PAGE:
If you can say congratulations in Albanian, then a whole new world of social possibilities opens up to you. Imagine you’re attending an Albanian wedding, and you see the bride and groom coming toward you. It would be ok to wish them congratulations in English, but the chances are you’re the only person at the wedding that doesn’t know how to do it in Albanian. Instead, you should have this phrase locked, loaded, and ready to go: ‘urime.‘
Before we go a bit more in-depth about congratulations in Albanian, I want to talk about where you can gain access to an abundance of Albanian learning materials. Ling has been making waves in recent years and is fast becoming one of the biggest language learning apps in the world.
Based out of Chiang Mai, Thailand, the app has a widely- talented international team of software engineers and native teachers.
The engineers have created a sleek and easy-to-operate user interface with content in 60 languages. Ling covers everything from the beginner language to intermediate and beyond.
Congratulations In Albanian – A Basic List Of Vocabulary
Reasons To Say Congratulations In Albanian Throughout The Year
Time To Celebrate! Gëzuar (Cheers)
Albanians are a fun-loving people. Perhaps because the country has a significant Muslim population, there is a perception that the people are more conservative, but this is not the case, as we also found out in our 2021 article about Albanian weddings.
But weddings, new years, and birthdays aren’t the only time you might get the opportunity to raise a beer and say Gëzuar. Several festivals throughout the year bring people out onto the streets and put them in a party mood.
Dita e Verës- Summer Day Pagan Festival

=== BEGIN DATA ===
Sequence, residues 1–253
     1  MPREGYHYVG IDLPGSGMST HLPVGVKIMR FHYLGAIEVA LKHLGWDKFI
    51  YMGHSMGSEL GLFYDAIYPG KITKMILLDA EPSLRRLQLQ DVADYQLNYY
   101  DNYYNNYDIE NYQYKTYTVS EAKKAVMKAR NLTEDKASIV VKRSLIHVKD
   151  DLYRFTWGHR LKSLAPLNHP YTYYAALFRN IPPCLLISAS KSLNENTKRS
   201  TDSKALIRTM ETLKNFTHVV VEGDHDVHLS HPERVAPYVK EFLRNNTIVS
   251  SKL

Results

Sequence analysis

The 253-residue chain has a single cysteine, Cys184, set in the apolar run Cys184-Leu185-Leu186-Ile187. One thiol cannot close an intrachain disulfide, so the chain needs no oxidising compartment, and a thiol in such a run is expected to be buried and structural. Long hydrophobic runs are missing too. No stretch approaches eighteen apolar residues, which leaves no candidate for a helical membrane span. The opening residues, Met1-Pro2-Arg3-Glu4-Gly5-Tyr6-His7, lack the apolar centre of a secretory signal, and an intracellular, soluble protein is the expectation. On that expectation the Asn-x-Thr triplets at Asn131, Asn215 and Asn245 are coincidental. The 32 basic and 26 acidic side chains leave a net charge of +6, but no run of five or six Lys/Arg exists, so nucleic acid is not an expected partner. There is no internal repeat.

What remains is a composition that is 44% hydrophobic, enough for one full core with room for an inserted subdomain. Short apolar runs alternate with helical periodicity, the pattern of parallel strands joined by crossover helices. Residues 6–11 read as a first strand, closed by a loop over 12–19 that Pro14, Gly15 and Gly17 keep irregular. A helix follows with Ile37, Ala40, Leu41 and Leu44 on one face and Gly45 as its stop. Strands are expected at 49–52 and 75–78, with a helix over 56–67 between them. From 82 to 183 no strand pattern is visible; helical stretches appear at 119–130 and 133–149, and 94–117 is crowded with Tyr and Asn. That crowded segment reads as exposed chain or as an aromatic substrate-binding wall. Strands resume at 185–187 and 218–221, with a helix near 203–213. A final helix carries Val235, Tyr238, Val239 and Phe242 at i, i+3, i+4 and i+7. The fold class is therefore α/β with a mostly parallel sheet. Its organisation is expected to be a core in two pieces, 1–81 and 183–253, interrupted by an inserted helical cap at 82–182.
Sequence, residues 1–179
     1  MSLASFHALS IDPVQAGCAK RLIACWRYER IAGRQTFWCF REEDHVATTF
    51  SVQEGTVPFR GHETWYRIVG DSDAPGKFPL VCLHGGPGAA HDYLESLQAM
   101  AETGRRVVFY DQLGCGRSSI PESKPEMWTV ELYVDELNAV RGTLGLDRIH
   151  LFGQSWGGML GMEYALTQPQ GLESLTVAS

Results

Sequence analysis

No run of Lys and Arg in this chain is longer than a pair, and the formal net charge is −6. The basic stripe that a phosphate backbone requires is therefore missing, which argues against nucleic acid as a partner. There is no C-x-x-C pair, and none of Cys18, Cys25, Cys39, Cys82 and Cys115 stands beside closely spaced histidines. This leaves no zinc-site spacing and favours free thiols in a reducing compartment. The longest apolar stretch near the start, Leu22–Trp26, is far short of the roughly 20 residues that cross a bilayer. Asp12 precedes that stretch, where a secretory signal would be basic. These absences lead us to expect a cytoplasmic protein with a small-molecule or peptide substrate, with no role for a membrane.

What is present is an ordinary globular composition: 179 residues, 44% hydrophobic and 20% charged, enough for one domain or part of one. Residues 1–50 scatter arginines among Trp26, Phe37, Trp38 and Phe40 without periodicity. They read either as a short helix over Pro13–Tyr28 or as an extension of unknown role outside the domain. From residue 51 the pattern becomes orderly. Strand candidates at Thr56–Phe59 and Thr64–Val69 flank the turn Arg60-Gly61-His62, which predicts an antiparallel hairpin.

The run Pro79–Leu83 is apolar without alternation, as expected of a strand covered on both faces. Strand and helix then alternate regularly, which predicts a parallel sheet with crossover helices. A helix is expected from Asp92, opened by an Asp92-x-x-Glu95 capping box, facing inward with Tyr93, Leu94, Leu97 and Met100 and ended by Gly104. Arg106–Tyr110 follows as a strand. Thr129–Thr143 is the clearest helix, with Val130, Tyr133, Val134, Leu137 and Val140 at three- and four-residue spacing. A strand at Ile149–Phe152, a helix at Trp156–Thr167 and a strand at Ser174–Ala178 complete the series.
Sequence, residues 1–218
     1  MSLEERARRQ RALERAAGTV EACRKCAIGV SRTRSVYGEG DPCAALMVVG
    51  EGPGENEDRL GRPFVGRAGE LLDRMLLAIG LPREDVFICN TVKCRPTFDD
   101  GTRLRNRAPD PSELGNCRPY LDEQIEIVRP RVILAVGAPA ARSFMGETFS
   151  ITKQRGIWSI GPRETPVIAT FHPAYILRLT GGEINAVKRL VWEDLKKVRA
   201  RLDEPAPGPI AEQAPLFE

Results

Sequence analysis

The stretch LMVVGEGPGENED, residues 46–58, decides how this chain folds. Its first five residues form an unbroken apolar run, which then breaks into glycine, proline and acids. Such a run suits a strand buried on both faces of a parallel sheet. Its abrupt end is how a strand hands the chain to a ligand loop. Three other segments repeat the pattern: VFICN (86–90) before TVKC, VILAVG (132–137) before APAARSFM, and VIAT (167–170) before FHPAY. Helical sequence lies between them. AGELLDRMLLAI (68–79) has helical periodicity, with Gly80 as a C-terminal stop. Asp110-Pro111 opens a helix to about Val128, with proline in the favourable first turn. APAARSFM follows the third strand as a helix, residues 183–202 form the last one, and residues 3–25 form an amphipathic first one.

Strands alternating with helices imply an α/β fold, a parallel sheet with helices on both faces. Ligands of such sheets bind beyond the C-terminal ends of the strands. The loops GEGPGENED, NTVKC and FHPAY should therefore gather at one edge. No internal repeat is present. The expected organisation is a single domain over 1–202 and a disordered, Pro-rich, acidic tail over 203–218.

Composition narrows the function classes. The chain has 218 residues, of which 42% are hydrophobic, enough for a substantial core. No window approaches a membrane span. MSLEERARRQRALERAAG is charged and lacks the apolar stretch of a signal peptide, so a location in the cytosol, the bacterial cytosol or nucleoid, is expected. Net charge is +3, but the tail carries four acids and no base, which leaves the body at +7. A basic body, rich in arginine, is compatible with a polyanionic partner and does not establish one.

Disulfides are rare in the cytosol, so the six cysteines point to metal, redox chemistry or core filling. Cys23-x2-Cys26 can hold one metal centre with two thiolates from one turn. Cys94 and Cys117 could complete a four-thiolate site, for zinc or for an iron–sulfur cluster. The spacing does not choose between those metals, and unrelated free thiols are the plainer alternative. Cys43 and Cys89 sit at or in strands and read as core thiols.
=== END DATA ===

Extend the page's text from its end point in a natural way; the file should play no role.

The word pagan has all sorts of loaded connotations, but in Albania, it is viewed positively. Dita e Verës takes place on the same date every year, March 14. (Note: it is slightly confusing because Dita e Verës translates as summer day, whereas it is actually in the Springtime.
The origin story of Dita e Verës is complicated but centers around the Goddess Zana, who would remerge from her temple on March 14 and bring new life to the country.
The event is celebrated all over the country, but for the genuine experience, it is recommended that you go to Elbasan. Expect to see parades, concerts, and bonfires. The food eaten on the day is called ballakume, which is a cookie.
This can be one of the best days of the year, particularly if the pagan gods shine down on you and bring out the sunshine.
Gjirokastër National Folklore Festival
This is a bit strange as we can’t think of any other festivals that take place once every five years. The festival happens at the Gjirokaster Castle in Southern Albania. The festival is all about traditional Albanian culture, including traditional music, clothing, and dance.
This is more of a music competition than a festival. It was inaugurated in 1999 by the broadcaster Televizioni Klan, a brainchild of Ardi Gjebrea. The event takes place in November. The idea is that the best singers in Albania launch entries which are then voted on by the general public. The style of music on the show could best be described as bubblegum pop; however, it is extremely popular with the general public.
New Year In Albania
Happy New Year In Albanian is Gëzuar vitin e ri. Notice the similarity between cheers and Happy new year.
Anthropologists have remarked that every country on earth celebrates the New Year somehow. The very concept of marking the years has driven technology onward, from the ancient builders of Stonehenge to physicists in 2022 working on nuclear clocks.
But how exactly do Albanians celebrate new year?
As you might expect, a big part of the evening revolves around food. Albanians put together what is colloquially known as a table of prosperity.
(Interesting sidenote: New Year became dominant in the last century during Enver Hoxha’s communist regime. Religious holidays were outlawed, so secular holidays took precedence.)
The food is Albanian in character and includes Roasted turkey, beef, or lamb. A popular dessert(as you might have guessed if you’ve read our other articles)is baklava.
And of course, no celebration would be complete without rakia, which is the national drink of Albania and is a kind of fruit brandy with an aniseed taste. When I was there, it was served with ice and prune juice.
A unique Albania tradition is what’s known as the hiding of the lek. A one lek coin is baked into a piece of soda bread and divided. The person who gets the cash is guaranteed to have success throughout the year.
According to another New Year tradition, if a little boy enters your house first with his right foot, you will be lucky.
Learn Albanian With Ling
So there we have it. Congratulations in Albanian.
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